SEO vs Social Media Marketing: Which Is The Better Traffic Tool?

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Leaving pay-per-click advertising out of the equation for now, is Search Engine Optimization(SEO) still the only game in town for businesses and non-profits seeking targeted traffic to their websites?

In other words, is it still necessary for a business to work so hard and so long to get to the top of Google’s search engine results in order to get a decent flow of targeted traffic to its site?

The problems with SEO are daunting. First there is the difficult task of finding relevant keywords that get respectable numbers of search engine queries each month, yet at the same time are not so competitive that you are fighting hoards of other businesses trying to dominate those same search results.

Next there is the matter of optimizing your site. If your site is already in existence, this may entail rewriting all of your content to sprinkle the right number of keywords throughout. And even that may not matter because your site is probably at a big disadvantage if it does not have your favored keyword within its URL or title. (Example: your URL might be and your site’s title might be “YOUR KEYWORD BLOG”). Given that, it probably wouldn’t be feasible to go back and start your site all over again.

Then there is the problem that even if you have your site internally optimized around a given set of keywords, it still must have numerous links from other sites pointing to it. Unless your targeted keywords have very, very little competition, you must have a lot of external links to establish its relevancy.

And if all that were not enough, just making it to the top of the Google mountain is no assurance that you will stay on top. Search engine optimization is a game of king of the hill. One day you may be on page one, and the next you may find yourself on page twelve - for no apparent reason.

But I believe social media gives you a new set of tools to get traffic.

First, as I wrote about in an article about Kansas attorney Grant Griffiths, Blogging to Dominate Keywords and Google, blogging (a social media tool in its own right) can sometimes be the best way to dominate search engine results. But it takes a lot of time and work to get there.

But if your blog is a platform upon which to create content, report on useful information, and link to other good content, you can use a variety of other social media tools to give it much more exposure than it might otherwise receive.

If you tweet about each and every new piece you put on your blog, you will attract visitors to that new article. See Hard Evidence That Twitter Brings Me Traffic (Part 1) and (Part 2).

Or if you create YouTube videos, post tagged photos on, bookmark your posts on or, you not only attract one-time visitors, you also expose your blog to people who may become fans or evangelists, who then spread the word for you.

It is the creation of true evangelists that gives social networking its true power. At its heart, social media marketing is really all about letting the market do your marketing for you.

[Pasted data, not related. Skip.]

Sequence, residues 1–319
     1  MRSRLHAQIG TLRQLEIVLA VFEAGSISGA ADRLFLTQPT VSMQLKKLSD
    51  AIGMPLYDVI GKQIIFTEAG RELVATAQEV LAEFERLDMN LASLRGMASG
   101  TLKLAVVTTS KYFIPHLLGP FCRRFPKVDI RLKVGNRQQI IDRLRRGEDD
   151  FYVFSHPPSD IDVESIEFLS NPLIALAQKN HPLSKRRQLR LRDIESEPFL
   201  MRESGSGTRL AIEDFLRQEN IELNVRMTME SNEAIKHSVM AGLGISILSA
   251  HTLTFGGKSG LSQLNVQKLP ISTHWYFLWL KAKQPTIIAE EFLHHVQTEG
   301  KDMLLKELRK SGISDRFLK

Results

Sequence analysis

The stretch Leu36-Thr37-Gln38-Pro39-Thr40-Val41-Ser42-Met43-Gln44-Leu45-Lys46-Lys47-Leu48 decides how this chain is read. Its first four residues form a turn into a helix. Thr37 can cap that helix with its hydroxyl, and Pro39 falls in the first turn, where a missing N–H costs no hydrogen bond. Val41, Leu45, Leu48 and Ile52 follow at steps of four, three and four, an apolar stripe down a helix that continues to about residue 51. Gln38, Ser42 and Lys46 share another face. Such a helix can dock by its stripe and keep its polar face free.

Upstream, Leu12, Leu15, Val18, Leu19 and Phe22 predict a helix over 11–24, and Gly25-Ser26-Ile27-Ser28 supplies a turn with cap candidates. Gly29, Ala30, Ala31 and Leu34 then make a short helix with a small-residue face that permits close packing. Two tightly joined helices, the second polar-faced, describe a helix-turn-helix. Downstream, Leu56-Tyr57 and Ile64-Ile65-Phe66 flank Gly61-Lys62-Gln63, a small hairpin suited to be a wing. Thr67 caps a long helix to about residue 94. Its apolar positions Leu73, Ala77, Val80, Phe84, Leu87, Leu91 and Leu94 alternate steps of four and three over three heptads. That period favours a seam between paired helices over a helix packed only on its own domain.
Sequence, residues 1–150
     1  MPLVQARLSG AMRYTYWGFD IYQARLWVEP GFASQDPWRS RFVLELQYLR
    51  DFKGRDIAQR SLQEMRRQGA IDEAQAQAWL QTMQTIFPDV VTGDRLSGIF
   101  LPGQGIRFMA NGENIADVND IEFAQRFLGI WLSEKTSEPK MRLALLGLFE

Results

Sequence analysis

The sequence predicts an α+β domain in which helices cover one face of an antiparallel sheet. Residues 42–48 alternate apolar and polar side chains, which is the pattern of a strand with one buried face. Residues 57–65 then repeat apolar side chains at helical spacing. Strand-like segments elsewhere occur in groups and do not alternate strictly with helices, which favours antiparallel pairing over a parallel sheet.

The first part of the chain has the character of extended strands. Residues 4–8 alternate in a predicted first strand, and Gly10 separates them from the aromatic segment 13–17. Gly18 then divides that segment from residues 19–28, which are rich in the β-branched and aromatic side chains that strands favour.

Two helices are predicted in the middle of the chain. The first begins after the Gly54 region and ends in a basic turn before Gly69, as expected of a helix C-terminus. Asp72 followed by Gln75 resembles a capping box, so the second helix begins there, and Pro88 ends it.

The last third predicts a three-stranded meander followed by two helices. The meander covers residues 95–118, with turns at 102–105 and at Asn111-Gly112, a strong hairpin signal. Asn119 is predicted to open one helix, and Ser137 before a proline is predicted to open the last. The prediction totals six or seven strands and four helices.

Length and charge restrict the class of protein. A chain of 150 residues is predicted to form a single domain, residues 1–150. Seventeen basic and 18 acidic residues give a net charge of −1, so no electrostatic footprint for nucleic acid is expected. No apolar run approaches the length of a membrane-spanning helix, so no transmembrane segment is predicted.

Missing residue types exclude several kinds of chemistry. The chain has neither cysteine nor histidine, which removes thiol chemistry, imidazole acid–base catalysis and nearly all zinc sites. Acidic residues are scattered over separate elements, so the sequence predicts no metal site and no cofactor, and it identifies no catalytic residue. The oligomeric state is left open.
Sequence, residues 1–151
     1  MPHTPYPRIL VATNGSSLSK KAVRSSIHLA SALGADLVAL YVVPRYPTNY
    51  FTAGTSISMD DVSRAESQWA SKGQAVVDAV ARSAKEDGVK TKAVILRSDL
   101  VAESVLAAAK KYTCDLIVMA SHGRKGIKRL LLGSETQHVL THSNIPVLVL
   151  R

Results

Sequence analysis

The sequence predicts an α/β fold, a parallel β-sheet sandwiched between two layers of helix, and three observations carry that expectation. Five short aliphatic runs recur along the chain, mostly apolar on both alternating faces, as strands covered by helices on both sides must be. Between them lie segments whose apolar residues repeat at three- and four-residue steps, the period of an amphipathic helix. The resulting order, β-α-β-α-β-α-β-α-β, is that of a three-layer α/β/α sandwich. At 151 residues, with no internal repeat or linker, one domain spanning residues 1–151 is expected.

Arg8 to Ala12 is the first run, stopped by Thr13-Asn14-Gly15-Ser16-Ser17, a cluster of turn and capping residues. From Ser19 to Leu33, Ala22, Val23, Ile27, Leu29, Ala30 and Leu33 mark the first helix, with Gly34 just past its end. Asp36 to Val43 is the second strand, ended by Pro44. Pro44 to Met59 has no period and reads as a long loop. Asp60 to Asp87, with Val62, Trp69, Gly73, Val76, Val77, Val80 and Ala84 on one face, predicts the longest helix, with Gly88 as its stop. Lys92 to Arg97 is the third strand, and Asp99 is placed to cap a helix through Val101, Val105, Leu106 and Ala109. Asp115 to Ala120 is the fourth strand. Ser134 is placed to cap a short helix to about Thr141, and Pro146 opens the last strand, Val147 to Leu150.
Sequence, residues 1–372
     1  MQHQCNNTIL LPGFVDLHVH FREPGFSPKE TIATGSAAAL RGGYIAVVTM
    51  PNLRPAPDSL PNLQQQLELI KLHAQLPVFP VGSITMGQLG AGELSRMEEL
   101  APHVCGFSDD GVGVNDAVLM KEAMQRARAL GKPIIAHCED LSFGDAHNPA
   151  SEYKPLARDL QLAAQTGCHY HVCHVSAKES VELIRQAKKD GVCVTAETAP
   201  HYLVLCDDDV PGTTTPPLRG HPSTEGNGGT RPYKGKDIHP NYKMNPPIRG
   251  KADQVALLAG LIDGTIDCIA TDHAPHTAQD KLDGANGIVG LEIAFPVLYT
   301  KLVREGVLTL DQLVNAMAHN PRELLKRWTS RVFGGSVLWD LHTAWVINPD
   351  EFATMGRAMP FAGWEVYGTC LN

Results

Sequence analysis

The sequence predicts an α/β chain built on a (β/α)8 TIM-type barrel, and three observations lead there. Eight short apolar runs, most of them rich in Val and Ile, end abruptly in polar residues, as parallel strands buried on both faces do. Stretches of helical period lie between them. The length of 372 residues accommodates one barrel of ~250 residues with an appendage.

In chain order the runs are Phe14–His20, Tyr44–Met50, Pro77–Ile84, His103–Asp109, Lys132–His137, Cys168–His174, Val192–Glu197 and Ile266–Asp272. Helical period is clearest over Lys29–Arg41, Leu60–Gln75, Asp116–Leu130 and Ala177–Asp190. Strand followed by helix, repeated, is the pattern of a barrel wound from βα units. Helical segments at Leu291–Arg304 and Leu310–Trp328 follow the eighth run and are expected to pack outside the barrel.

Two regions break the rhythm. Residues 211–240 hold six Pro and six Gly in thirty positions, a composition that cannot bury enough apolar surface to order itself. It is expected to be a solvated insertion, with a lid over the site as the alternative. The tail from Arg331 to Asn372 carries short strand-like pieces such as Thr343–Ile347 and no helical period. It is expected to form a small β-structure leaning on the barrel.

Let’s take the social bookmarking sites I mentioned earlier. Social bookmarking is nothing more than a democratization of the web. Users “vote” for the best articles and content based on whether they found the information useful.

This is something no search engine can do with their algorithms and spiders.

Bookmarking sites give greater authority to those web pages that have been voted on by many people, who base their votes on the how they perceive the page’s quality rather than its keyword density. and are useless if you just bookmark your own content and no one else follows suit. But if hundreds of people like what you have posted and “Digg” or “Stumble” these pages, your content gains authority and thereby increases its visibility on the web.

The same is true with Twitter. Twitter is the “NFL” of social media, which means “Not For Long” if you simply send out spam-like tweets telling how great your product is. If you do this, your followers will block you fast and you will find yourself with no audience at all. But if you build conversations, create a community and provide quality content that solves readers’ problems, you will reap the benefits much faster than any SEO campaign could ever produce.

One thing that astonishes me about Twitter, for example, is how fast I am adding new followers. Although my numbers are still very modest when compared to others, I find that the number of new followers grows every single day.

This means I am adding to my “social capital,” and like all other forms of capital, this is a valuable business asset. It also means that going forward, my efforts will be focused on increasing this social capital, and thereby extending my reach among other social networkers.

Search Engine Optimization rewards sites that have a certain number of repetitive keywords, social media rewards sites that provide quality content.

So which is the better course of action: Search Engine Optimization or Social Media Marketing?

Personally, I think social networking puts the control into my hands. I no longer have to write with both human readers and Google algorithms in mind. My job is simply to create quality content and build a social community that appreciates my content. If I do that, the traffic will take care of itself.

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COPYRIGHT © 2009, Charles Brown
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